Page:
The European Union has agreed to delay a company tax arrangement for the bloc following pressure from the U.S. administration and during a bid to facilitate a broader international tax deal, however, EU member Ireland reiterated its criticisms of the wider reform.
The world’s 20 largest economies endorsed on Saturday a set up for a world overhaul of company tax that may introduce a minimum tax rate and amendment the means massive corporations like Amazon and Google are taxed, based mostly partly on where they sell their merchandise and services rather than on the location of their headquarters.
The U.S. has lobbied against the levy on digital sales that was doubtless to hit Silicon Valley giants’ business in Europe. The EU had pledged to introduce a levy if there was no progress on a sweeping effort to tax firms more uniformly. Such a pact now appears a lot of likely after the Group of 20 endorsed the principles of a global-tax agreement.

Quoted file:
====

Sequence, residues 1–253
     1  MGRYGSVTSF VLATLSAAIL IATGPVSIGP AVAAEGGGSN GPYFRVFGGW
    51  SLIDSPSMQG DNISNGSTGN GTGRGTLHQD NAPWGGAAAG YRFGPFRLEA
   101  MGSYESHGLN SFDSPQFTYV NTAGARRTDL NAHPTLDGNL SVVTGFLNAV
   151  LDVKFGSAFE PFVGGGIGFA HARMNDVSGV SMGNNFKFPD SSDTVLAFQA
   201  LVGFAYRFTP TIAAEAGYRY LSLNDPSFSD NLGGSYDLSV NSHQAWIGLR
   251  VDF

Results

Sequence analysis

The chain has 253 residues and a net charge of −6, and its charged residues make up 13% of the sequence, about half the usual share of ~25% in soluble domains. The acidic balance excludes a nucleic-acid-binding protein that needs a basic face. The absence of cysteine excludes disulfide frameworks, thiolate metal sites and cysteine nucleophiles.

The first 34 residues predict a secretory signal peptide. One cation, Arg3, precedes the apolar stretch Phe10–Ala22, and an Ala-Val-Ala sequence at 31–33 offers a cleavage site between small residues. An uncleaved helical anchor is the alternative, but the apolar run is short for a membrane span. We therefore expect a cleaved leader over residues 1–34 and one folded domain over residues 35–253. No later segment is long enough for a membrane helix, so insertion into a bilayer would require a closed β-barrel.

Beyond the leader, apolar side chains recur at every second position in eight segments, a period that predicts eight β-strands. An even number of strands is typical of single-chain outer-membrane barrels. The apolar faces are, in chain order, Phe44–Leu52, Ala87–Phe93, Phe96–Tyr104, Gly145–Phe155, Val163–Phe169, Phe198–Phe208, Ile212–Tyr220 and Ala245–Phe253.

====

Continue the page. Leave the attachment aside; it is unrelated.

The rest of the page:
Taxation is a hot topic in Europe with officials in Berlin and Paris taking aim at complicated structures used by multinationals, many of them American, that allow them to reduce their effective tax rates. A global deal might help governments capture additional tax from sales in their countries.
EU Economy Commissioner Paolo Gentiloni said he’d already told U.S. Treasury Secretary Janet Yellen “of our decision to put on hold the proposal of the commission of a digital levy.” Delaying the EU arrangement can “permit us to be targeted operating hand in hand to attain the last mile of this historical agreement”
Outside that context, The EU has also tried to focus on companies that build profits in countries where they need no physical presence. That might be through digital advertising or online retail. Countries led by France have started imposing unilateral “digital” taxes that hit the largest U.S. tech companies such as Google, Amazon, and Facebook.
The U.S. calls those unfair trade practices and has threatened retaliation through import taxes.